Cat Outdoor Dangers: What To Watch For

Spring is here, and we love it! When warmer weather arrives, you and/or your pet may want to spend more time outside. That’s awesome. However, the outdoors is a much bigger area, which translates to more dangers for your cat.  Below are some cat outdoor dangers to be aware of this spring.

Brown tabby cat outdoors looking back at camera to discuss outdoor dangers to cats

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Allergies

If you think allergies are only for people or dogs, think again.  They can pose just as much of a threat to your cat.  Just like you might have an adverse reaction to pollen, dust and mites, your cat can, too. The most common allergy for cats, though, is a flea allergy.  A bite from a flea can lead to allergic dermatitis.  As a result, your cat may scratch himself until he bleeds.  If you see any symptom of this, contact your vet so he or she can prescribe the right anti-allergic treatment for your cat

Gardening products and toxic plants

Cats rely on catnip or certain plants on a regular basis in order to purge themselves. As a result, you may find your cat chewing on some plants in your garden or on some grass.  Are you aware, however, of the plants highly toxic to cats?  They are as follows:

Honeysuckle, hyacinth, belladonna, lily, ivy, aconite, dieffenbachia, arum, philodendron, aloe, amaryllis, and ficus.

Should your cat ingest any of these plants, he can suffer from digestive, cardiac and nervous system problems. Therefore, if your cat begins to vomit, have diarrhea, overly-salivate or shake, get him to the veterinarian right away.  If you know which plant your cat ate, be sure to bring some of its leaves or flowers to the vet so he can make a better assessment and administer the proper treatment.

Ticks and fleas…ugh!

While your cat can be affected by ticks and fleas year-round, it is more prevalent in the warmer months.  Even house cats are just as much at risk as cats who spend appreciable tine outdoors, as parasites can attach to your clothes and then transfer to your cat’s fur.

Flea growth is difficult to control and can result in intense itching for your cat. Again, if your cat scratches too much, he can injure himself.

Be sure to check your cat’s fur on a regular basis and administer pest-control products for your cat as recommended/prescribed by your veterinarian.

Spikelets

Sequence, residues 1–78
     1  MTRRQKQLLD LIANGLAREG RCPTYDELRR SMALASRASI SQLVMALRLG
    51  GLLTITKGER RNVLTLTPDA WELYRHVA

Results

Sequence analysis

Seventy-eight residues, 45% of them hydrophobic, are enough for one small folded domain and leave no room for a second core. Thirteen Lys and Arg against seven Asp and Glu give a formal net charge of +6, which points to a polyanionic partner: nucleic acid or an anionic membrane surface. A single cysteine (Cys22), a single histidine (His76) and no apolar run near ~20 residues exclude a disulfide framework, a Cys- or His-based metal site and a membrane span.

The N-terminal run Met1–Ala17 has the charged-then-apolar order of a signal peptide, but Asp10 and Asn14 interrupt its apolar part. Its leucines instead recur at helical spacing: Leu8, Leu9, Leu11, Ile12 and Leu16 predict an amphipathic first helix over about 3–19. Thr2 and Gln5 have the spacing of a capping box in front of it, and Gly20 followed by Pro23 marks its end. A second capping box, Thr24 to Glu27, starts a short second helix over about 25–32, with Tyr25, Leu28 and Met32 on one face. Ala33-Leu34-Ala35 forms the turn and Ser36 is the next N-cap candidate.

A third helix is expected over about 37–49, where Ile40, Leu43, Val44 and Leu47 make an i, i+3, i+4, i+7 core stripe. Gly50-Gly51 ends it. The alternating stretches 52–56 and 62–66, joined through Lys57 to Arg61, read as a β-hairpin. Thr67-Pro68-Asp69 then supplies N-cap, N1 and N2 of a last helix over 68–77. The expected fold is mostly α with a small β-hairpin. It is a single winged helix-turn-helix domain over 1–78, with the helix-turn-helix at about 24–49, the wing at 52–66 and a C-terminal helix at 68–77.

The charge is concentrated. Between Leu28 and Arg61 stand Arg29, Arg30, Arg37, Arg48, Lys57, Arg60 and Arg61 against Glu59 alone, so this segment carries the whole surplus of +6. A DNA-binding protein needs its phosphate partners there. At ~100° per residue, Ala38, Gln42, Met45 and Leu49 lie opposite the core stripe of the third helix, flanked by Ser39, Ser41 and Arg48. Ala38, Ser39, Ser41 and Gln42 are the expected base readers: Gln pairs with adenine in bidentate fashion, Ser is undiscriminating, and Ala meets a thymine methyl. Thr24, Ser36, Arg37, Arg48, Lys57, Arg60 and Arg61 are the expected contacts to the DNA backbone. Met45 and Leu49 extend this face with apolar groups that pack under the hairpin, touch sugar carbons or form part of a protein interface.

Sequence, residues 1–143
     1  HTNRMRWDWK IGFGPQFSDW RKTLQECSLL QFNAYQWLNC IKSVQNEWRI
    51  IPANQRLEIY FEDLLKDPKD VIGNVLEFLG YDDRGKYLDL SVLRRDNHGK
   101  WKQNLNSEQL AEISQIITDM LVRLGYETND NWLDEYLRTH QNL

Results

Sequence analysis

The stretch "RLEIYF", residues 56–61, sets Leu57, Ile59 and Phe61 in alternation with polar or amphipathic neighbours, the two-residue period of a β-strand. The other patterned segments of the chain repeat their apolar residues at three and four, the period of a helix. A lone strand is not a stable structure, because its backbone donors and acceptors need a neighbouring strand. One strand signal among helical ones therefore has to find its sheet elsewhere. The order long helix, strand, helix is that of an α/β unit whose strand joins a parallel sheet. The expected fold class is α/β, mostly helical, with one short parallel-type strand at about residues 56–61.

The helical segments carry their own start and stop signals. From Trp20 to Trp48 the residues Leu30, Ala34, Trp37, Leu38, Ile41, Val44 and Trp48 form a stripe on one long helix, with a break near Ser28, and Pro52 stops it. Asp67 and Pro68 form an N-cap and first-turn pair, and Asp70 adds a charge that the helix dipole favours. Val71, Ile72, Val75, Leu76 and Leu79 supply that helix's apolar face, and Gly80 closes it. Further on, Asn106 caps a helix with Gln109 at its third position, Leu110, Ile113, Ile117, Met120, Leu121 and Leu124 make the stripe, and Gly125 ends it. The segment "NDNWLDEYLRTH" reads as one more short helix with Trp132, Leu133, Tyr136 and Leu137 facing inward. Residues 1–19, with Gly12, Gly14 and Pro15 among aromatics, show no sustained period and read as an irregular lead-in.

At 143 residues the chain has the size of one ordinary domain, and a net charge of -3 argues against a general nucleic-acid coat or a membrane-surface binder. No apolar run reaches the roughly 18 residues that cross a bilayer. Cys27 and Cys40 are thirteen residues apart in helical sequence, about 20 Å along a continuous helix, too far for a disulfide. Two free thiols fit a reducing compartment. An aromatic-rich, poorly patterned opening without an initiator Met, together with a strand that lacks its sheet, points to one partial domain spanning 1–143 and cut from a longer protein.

What are these? Well, spikelets are one of the greatest threats to cats during the spring and summer months.  These are small blades of foxtail grass that detach themselves when they dry out and then attach themselves to nearby animals. Because their seeds spread easily, they can stick to the fur of a cat, as well as get into a cat’s skin, eyes, nostrils, ears and between the paws. This can then lead to infection.

Beware This Cat Outdoor Danger: Caterpillars!

These are a SIGNIFICANT danger to your cat during the summer months. They typically nest in pine trees and are covered with little stinging hairs that can cause considerable damage when they come into contact with a cat’s mucous membranes. If your cat tries to ingest one of these, get him to the vet right away.  If your cat does manage to eat one of these caterpillars, he will most likely suffer from abdominal pain and will vomit. Observe where your cat hangs out while outdoors, especially if he prefers places near pine trees.

Minimize Risk From Outdoor Cat Dangers

One was to reduce risk from Outdoor risks to cats is establishing a catio. Catios are often enclosed sunrooms where your cat can have the outdoor experience without risk of encountering dangers like those we discussed above.

If your living space doesn’t have an enclosed space to set up a catio, there are many options available for an outdoor enclosure, like this one,  It’s collapseible and has several ledges for your cat to lay on and observe.

One other option to consider a harness and leash for your cat. This way, you can Keep your cat close and prevent him from venturing into dangerous areas or situations. Taking cats on outdoor adventures is becoming more popular, so options for cat harnesses and leashes are becoming much more available.

Source:  holidogtimes.com

 

 

 

 

 

 

 

 

 

 

 

 

 

 

Written by Ann Butenas

Ann Butenas

An internationally-recognized author and writer, Ann began her professional writing career at age 12 and began speaking while in college. She has been published thousands of times over the past three decades in all media forms, was former editor and publisher of KC Metro Woman magazine, and has also hosted three talk radio shows in the Kansas City area.

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